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"A slap in the face of national dignity": UN mission's dark deeds in Haiti. An interview with Camille Chalmers

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By: Sputnik News interviews Camille Chalmers, April 19, 2017

The UN Stabilization Mission in Haiti (MINUSTAH) can be described as 13 years of suffering and violations of fundamental human rights, Haitian political analyst Camille Chalmers told Sputnik Brazil.

In an interview with Sputnik Brazil, Haitian political analyst Camille Chalmers commented on the upcoming completion of the UN Stabilization Mission in Haiti (MINUSTAH), which she bitterly described as 13 years of suffering and the violation of fundamental human rights.

Pleading guilty, Guy Philippe cuts deal with US attorney for lighter sentence

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By Kim Ives, Haiti Liberté, April 24, 2017

Former Haitian paramilitary leader and Senator-elect Guy Philippe sealed a plea bargain today with the U.S. Attorney’s office to get a lighter sentence in return for pleading guilty to just one count of money laundering.

In return, the U.S. government dropped its other two charges of “Conspiracy to Import Cocaine into the United States,” which carries a sentence of 30 years to life in prison, and “Engaging in Transactions Derived from Unlawful Activity,” which carries a 10 year sentence.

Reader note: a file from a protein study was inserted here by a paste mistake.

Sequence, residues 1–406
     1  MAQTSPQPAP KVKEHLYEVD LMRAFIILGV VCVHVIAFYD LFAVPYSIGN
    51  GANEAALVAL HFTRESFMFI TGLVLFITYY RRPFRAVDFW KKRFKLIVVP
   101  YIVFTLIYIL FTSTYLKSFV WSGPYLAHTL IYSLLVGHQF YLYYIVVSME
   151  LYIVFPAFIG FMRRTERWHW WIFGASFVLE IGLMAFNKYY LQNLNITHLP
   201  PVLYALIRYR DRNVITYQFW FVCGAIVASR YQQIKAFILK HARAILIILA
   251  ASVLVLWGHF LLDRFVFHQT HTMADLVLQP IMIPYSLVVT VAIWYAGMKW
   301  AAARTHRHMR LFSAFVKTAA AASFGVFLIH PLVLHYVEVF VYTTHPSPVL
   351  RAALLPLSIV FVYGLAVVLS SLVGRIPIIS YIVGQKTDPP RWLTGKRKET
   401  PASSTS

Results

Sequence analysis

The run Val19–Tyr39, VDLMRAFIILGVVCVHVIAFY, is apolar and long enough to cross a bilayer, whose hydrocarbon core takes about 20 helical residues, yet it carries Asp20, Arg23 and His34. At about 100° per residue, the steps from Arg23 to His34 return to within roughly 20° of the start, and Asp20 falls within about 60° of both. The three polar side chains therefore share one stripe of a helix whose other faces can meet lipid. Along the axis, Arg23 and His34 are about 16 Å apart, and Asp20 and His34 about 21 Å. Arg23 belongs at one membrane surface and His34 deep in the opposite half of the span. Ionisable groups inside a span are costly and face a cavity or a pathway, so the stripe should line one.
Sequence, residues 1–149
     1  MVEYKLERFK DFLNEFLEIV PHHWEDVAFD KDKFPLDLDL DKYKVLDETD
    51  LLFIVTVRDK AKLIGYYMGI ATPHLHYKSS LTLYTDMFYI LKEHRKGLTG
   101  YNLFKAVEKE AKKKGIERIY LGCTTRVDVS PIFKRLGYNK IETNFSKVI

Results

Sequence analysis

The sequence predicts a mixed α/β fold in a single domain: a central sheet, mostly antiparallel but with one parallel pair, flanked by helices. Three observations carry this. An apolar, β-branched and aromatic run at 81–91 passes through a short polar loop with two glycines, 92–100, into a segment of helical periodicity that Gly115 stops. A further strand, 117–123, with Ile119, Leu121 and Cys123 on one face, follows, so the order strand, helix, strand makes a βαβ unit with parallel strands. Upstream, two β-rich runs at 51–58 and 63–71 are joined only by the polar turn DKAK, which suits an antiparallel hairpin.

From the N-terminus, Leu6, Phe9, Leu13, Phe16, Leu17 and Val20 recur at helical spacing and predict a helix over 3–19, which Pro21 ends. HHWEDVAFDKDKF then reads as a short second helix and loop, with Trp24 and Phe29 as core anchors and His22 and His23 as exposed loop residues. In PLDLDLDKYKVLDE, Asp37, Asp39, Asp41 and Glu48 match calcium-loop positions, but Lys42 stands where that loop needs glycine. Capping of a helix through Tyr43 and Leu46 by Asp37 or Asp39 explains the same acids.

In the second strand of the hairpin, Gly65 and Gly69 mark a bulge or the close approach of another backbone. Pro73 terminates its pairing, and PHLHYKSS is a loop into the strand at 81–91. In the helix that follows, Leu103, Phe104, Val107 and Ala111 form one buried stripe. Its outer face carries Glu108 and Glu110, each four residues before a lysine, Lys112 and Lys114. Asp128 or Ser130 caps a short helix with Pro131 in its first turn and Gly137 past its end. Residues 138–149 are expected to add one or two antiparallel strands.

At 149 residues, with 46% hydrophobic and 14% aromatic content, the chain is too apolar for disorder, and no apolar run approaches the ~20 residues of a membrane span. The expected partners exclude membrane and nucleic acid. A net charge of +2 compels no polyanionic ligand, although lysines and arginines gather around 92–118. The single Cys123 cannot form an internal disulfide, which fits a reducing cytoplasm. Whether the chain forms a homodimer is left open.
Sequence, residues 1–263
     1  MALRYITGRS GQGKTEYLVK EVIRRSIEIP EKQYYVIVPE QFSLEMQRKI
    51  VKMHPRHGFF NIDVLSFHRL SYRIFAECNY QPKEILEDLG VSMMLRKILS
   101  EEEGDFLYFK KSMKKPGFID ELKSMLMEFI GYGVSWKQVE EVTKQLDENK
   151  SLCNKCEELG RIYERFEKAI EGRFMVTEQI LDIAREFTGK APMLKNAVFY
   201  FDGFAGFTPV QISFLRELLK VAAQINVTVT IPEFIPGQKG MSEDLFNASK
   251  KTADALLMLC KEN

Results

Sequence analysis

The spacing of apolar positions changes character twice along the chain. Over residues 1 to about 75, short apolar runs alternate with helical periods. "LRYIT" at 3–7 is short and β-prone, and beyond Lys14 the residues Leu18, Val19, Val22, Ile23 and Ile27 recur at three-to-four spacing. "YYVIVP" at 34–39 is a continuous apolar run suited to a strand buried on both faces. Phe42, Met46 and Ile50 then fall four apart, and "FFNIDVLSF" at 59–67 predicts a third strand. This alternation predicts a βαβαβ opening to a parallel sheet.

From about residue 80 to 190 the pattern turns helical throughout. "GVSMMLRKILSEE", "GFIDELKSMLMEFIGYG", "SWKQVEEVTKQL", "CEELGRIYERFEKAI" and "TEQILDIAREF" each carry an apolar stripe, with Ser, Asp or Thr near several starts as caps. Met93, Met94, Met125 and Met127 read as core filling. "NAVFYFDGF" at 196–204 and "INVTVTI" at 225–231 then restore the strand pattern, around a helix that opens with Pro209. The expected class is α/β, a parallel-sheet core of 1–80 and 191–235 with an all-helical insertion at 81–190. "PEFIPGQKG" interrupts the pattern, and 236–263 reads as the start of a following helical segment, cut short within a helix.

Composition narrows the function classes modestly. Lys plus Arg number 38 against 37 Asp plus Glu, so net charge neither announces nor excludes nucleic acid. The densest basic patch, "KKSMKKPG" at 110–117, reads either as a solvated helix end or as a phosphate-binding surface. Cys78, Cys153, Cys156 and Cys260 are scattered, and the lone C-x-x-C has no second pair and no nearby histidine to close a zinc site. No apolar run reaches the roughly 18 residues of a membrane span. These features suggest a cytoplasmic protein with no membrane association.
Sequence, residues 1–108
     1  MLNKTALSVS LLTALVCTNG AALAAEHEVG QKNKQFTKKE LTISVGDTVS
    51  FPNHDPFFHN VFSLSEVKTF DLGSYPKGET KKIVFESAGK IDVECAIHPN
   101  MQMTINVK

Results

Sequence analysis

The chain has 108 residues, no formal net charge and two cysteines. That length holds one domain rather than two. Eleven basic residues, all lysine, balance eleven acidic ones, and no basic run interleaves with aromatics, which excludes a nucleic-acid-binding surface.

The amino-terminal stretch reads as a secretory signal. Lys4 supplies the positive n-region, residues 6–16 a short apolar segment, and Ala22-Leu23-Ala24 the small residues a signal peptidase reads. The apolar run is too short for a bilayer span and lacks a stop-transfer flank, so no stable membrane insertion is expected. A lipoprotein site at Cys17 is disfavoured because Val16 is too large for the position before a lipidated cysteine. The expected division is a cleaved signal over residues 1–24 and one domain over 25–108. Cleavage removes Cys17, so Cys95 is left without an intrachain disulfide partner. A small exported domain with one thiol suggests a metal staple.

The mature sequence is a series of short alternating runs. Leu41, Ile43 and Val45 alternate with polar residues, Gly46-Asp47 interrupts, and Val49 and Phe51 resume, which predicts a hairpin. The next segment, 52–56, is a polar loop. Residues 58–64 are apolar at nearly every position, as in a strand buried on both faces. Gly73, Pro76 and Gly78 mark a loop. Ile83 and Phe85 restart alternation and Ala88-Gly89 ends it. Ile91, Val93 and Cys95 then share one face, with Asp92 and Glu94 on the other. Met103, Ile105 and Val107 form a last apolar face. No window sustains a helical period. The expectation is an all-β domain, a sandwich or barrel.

The charge to which Philippe, 49, pleaded guilty – “Conspiracy to Launder Monetary Instruments” – carries a 20 year maximum sentence, but as part of the deal, prosecutors recommended Philippe be sentenced to only nine years.

Other people's countries

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By Dady Chery, News Junkie Post, April 18, 2017

For news of the world, peel away from those who follow the daily offerings of bombings and supposed terror attacks, as bulls in the ring chase a red cape to their ritualistic slaughter. Look instead in places like Haiti, where it is easy to discern the lies from the truth. In such places, where no one appears to be watching, the sanctimonious missionaries do not hide their faces as they morph into kidnappers and pedophiles. The bribes are publicly offered and accepted.

The unorthodox affairs between supposed adversaries, or between politicians and foreign agencies, are consummated in broad daylight. It is easy to tell, in other people’s countries, which statements to the press and international bodies are made with tongue in cheek. In other people’s countries, like Haiti, Syria, Iraq and Afghanistan, anything can be bought and degraded. The corruption is so casual, it seems almost innocent.

UN occupation of Haiti ends, leaving behind scandals of abuse

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By Yves Engler, Huffington Post, April 18, 2017

Last week the UN Security Council finally voted to end its military occupation of Haiti. Instigated by the U.S., France and Canada, MINUSTAH has been responsible for countless abuses during the past 13 years.

At the same time as the Security Council voted to draw down its military force (a police contingent will remain), the Associated Press published an in depth investigation confirming widespread sexual abuse by UN troops in Haiti. The foreign soldiers had sex with minors, sodomized boys and raped young girls. An internal UN report uncovered by AP implicated 134 Sri Lankan troops in a sex ring that exploited nine children from 2004 to 2007. None of the MINUSTAH soldiers were imprisoned.

In early 2012 video footage came to light of five Uruguayan soldiers sexually assaulting an 18-year-old Haitian. In that case as well the soldiers were sent home, but no one was punished.